Medical illustrator career guide
Physicians or health professionals who feel that traditional jobs in medicine do not feed their need for creativity are not doomed to an unfulfilling career. If you thoroughly enjoyed your anatomy coloring books, or spent hours admiring Netter’s anatomy images, you may discover that there are career opportunities that are fitting for you in the medical arts. Consider a medical illustrator career or related job.
Medical illustrators and graphic artists are responsible for the images seen in medical textbooks, test prep content, biomedical advertisements, and patient education materials. Those with creative backgrounds, natural artistic talent, or a willingness to obtain the training necessary for a career in the field, will find that it provides a wonderful creative outlet for their interests in both the arts and medical sciences.
Physicians can also serve as content editors in the field of medical illustration or publishing. Medical illustrators and animators work with content editors to ensure the accuracy of the media that is produced for medical education, marketing, medical research, or patient education means. The job of medical illustration is important because it helps to clarify or supplement complex material when words alone are not sufficient. Content editors that work alongside these illustrators ensure that the material is appropriately conveyed.
Medical Content Editor
▪ Create visuals for interactive learning exercises
▪ Draw anatomical images to accompany medical text
▪ Develop images of biomedical products and their uses
▪ Create 3-D animations for learning materials, museums, or biomedical device companies
▪ Assist with the design of mobile health applications
|▪ Review visuals created by illustrators or artists to ensure artistic interpretation is scientifically accurate|
▪ Textbook publisher
▪ Legal team
▪ CME company
▪ Biomedical company
▪ CME company
▪ Textbook publisher
Job responsibilities in the field of medical illustration and graphic artistry can include working with book publishers on anatomical images to accompany text, with biomedical companies to develop images of their product, and with test prep or continuing medical education companies to help supplement course content with anatomical or medical imagery. There is also a subset of medical illustrators who work in medical-legal illustration assisting by providing illustrations for product liability or medical malpractice suits.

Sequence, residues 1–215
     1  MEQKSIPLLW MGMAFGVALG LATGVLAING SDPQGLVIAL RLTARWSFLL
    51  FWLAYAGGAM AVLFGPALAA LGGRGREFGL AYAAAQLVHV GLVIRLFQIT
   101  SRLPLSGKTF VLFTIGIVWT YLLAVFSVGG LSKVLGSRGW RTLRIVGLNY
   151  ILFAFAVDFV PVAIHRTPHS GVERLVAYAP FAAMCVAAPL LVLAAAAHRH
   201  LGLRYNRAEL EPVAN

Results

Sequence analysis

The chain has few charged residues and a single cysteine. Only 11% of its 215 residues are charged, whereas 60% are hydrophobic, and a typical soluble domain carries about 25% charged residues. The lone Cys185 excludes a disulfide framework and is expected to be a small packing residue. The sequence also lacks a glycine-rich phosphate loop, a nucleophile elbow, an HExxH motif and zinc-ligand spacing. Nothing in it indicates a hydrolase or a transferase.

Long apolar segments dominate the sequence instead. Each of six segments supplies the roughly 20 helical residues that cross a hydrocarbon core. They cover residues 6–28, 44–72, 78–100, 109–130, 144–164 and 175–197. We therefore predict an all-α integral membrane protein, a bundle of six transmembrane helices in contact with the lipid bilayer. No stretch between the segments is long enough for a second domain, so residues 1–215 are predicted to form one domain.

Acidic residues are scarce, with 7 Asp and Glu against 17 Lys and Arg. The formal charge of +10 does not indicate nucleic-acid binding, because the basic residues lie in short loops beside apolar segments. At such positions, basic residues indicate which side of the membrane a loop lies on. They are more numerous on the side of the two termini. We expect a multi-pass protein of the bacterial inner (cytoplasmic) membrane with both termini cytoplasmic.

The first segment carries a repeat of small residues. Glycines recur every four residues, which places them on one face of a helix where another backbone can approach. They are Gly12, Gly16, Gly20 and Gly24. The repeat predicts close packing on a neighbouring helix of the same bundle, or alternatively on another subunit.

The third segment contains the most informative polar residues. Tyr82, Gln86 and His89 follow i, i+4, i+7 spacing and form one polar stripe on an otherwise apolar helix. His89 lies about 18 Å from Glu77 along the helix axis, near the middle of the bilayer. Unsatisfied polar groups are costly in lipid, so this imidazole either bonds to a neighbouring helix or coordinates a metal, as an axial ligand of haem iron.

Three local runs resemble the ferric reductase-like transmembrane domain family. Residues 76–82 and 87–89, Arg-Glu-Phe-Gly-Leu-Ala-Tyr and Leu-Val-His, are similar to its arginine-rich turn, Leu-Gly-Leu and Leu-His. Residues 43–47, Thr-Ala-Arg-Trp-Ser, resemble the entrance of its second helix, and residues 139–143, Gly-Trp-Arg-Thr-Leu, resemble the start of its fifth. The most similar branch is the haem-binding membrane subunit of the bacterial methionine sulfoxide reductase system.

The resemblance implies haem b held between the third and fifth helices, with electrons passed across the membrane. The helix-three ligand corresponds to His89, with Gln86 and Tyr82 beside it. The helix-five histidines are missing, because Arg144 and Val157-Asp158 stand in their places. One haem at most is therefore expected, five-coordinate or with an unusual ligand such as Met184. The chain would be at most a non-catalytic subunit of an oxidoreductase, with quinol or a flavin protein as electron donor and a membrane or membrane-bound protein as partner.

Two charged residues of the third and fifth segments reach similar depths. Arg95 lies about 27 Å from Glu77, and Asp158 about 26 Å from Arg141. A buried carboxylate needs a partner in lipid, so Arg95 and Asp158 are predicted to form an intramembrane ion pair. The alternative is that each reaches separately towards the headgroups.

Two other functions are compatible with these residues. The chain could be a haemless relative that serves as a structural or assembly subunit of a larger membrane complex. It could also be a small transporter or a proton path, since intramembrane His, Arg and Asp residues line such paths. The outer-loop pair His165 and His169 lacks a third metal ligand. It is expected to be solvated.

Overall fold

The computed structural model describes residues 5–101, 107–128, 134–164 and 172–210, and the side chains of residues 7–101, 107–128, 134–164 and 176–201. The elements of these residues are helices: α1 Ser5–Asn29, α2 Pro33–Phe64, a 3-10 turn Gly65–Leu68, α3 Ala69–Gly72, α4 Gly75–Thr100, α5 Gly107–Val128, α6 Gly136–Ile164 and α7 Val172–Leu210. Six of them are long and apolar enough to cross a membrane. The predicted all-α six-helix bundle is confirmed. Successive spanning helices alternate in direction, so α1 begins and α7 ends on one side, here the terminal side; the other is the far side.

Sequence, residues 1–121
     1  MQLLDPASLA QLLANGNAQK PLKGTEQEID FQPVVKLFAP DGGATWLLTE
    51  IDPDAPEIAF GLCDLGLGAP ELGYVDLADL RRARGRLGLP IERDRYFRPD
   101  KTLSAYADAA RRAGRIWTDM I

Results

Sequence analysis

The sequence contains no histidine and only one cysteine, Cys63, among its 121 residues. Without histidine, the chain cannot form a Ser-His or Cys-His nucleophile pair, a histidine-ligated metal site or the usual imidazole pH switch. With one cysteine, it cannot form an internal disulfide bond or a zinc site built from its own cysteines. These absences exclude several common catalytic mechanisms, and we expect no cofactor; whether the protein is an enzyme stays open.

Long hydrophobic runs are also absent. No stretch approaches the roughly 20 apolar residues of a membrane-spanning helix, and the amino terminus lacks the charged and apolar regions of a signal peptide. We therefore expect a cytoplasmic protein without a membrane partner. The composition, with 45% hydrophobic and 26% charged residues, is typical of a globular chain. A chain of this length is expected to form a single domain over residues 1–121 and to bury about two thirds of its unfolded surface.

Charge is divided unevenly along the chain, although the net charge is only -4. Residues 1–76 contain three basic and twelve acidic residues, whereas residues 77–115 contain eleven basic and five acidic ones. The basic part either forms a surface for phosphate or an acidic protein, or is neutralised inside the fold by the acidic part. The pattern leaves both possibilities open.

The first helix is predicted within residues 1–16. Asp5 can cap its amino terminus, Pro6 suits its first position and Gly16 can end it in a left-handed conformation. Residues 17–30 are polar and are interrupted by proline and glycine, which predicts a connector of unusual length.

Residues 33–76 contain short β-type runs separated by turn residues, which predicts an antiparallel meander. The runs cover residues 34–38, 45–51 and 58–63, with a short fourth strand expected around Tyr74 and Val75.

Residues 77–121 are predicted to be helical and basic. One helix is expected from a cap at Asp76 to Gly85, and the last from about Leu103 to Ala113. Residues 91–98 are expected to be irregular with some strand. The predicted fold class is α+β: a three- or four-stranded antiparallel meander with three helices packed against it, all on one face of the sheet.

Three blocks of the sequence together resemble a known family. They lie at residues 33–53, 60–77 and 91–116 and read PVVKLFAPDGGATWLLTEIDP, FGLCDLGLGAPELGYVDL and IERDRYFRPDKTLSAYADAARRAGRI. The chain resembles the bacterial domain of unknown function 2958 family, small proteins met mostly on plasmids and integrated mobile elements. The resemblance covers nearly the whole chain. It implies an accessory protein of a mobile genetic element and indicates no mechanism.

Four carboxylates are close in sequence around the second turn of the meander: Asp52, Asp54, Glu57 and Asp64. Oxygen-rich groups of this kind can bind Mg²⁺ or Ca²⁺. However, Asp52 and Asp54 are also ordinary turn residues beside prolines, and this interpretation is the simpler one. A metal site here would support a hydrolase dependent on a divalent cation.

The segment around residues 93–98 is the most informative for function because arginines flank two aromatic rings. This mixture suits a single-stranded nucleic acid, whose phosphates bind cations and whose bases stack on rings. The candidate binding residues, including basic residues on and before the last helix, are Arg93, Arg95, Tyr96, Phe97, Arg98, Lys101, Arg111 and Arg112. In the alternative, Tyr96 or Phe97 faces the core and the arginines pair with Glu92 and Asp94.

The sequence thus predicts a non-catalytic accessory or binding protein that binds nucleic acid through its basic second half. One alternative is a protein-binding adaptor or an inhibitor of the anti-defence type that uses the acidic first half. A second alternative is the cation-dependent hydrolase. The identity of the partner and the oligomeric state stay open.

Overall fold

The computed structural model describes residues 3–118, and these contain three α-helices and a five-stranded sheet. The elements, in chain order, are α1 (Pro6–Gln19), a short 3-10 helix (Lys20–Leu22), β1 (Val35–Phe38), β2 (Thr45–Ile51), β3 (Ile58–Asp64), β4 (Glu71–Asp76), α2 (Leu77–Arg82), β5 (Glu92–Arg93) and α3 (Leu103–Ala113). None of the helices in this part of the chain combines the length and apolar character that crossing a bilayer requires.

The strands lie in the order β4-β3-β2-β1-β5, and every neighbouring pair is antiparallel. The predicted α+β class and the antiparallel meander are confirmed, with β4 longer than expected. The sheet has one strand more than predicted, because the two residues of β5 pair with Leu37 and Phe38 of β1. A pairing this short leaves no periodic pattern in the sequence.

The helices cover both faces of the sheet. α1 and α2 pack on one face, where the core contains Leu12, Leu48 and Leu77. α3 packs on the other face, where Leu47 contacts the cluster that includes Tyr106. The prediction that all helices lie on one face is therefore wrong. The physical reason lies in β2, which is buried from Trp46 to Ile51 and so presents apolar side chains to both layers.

Various job responsibilities may include:
- Creating 3-D animations for learning materials, museums, or biomedical device companies.
- Illustrating complex medical information for juries in the case of medical malpractice or liability lawsuits involving biomedical companies
- Drawing anatomical images to accompany medical text
- Developing images of biomedical products
- Analyzing research data and creating figures based on data or molecular interactions
- Assisting with the design of mobile health applications
- Creating visuals for interactive learning exercises
- Sculpting 3-D models for anatomy labs, medical exhibits, or for prosthetic visualizations
- Reviewing visuals created by illustrators or artists to ensure artistic interpretation is scientifically accurate
Work Environment and Schedule
Medical illustrators can work for a variety of companies, including those in test preparation, textbook publishing, biomedical or pharmaceutical development, and legal services.